One year of Floatworks: “We have a duty to put it in the lives of more people”

22 May 2017, by The Floatworks
One year of Floatworks: “We have a duty to put it in the lives of more people”

Regular readers (and floaters!) will know that in April just past, we celebrated one year of being in business at St George’s Wharf in Vauxhall.

In recent features we’ve shone a microscope on the long-term history of Floatworks and the i-sopod tank, but to mark a brilliant first year of bringing floating to thousands of Londoners, owners Chris Plowman and Ed Hawley talk us through their story, and what’s next for Floatworks.

“We’ve always been in business together,” begins Ed, one Wednesday evening in the Floatworks Head Office. He’s surrounded by bags of Epsom salt for the tanks, softening salt for the shower water and other hardware they’ve just picked up on the monthly grocery list.

“We had a few properties together, and we wanted to start a new business, but we didn’t know what that would be,” Ed continues. “Chris started floating because he hurt his back, and obviously he said, ‘You’ve got to try this’.

“I did and it was awesome. Chris has great ideas: he said, ‘I’ve looked at America and there are franchises springing up and they’re doing it in a very modern, cookie-cutter way’. The UK had nothing quite like that. At the time, Floatworks had a big centre in London Bridge, then they had a little one in Canary Wharf, and that was it.”

Their initial business plan was built around starting their own float centre.

“We took advice. We talked to a lot of people who are really good entrepreneurs, and we just took on board what we could.”

From there? It was all beautiful timing…

“Matt and Tim [Strudwick] wanted to relaunch Floatworks properly because they only had the two tanks in Canary Wharf, and they wanted to be back involved and back moving forward. They saw what we wanted to do, they saw we were fairly competent businessmen and that was it.”

Of course with any business, the supply needs to meet the demand, and the demand needs to be… demanding. With only two tanks tucked away in Canary Wharf to serve 13million people, floating had not yet become ‘A Thing’ in London. Yet.

“We thought we needed to be around 70% occupancy,” recalls Ed, “and now we’re at 100% with a 3-week waiting list.”

“Even I didn’t predict the level of success and interest that we’d end up having,” adds Chris, consulting his mental calculations. “I think that’s a testament to the true, tangible benefits of floating. And that’s why I think we’re now ready to expand.”

Ahh yes, expansion. If you’ve bumped into Chris or Ed at the centre at any point over the past 12 months, no doubt one of them will have collared you with wide eyes and a vision of bringing floating to everyone in London… and beyond. Now here’s the exciting bit: they, and Floatworks, are now ready for phase two.

Two things are happening behind-the-scenes right now: Chris and Ed are pulling together investment to launch Centre Two, and they’re looking to nail down the perfect location. At the time of writing, there’s a location in central London under consideration, but nothing is set in stone yet.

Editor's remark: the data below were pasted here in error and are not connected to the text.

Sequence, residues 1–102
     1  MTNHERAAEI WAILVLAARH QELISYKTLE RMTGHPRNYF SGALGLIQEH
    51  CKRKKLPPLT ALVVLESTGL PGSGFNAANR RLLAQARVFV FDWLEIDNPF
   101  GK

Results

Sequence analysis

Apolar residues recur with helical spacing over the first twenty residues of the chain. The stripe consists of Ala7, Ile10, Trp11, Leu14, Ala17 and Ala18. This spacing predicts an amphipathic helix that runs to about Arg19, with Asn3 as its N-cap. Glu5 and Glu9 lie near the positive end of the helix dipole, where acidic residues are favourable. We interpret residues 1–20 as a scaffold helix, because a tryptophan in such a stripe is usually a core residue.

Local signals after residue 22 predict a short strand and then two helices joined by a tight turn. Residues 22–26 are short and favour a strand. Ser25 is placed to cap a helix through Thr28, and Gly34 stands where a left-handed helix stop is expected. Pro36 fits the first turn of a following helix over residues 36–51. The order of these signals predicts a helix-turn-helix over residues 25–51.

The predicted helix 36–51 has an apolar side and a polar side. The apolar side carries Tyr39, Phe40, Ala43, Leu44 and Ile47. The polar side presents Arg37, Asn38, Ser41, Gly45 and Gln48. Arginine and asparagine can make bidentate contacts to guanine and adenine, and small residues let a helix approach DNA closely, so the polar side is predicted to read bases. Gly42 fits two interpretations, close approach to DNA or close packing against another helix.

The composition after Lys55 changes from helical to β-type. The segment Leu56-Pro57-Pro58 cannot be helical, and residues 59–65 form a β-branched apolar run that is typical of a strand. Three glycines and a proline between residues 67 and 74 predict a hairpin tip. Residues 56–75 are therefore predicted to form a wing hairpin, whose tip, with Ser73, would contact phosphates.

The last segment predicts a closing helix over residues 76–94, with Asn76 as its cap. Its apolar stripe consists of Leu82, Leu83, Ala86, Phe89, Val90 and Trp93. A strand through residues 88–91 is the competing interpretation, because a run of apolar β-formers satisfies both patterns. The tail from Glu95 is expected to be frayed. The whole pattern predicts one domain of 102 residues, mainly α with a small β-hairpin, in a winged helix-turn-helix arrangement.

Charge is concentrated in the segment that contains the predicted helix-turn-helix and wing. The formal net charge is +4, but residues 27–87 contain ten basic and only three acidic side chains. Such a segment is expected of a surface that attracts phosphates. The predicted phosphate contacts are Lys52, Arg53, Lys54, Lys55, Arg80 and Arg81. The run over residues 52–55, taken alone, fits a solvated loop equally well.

“If we close a property within the next month or so, we could be live six months from now,” says Ed. “It could be a little longer, that’s best-case scenario. But we’re really, really focusing in on this now – because we’re ready.”

Watch this space, then. Chris and Ed’s ultimate vision is for six-to-ten float centres in the capital, depending on the needs of the city, and from there, as Ed says, “It’s a case of opening one in every city and town in the UK. If it works here, why not everywhere?”

“LONG-long-term, the plan is to make floating affordable and accessible to everybody. We want people to look at it like scheduling exercise. You go to the gym to exercise your body, you float to exercise your mind.”

“I think that will become more and more important as we become more connected across the world,” Chris adds. “Floating becomes even more critical to give people an hour to completely switch off. Stress, anxiety, depression at the moment are all quite rampant, and we feel that we almost have a duty to put it in the hands of more people.”

So as Chris and Ed begin to write the first page of the next chapter in Floatworks’ history, how has a year at the helm – and a year in the tank – changed them?

“Well,” ponders Chris, “I’m happy now, and in the past I was sad. I think that’s a good start! I feel like I have a mission, before I didn’t really have anything to aim for. I have something to get me out of bed every morning. Something that puts a smile on my face when I see the impact it’s having on us, our staff and our customers. I’m a lot happier and more fulfilled.”

“I’ve always been quite obsessive, and high energy, and driven,” adds Ed, “but I’m definitely a lot calmer. I don’t react as impulsively as I used to, I think about things a little longer, I’m a lot clearer, and in the past I was kind of trucking away in the city and that was great and I’m glad I did it, but this is a totally different ballgame. I feel totally fulfilled. I am fascinated by consciousness, mindfulness and anxiety – the link between the mind and body – and about how good we can make this existence of being a human.”

You can keep up with developments on Centre Two (and all things Floatworks), on Twitter and Facebook, or just pop in for a chat at Vauxhall!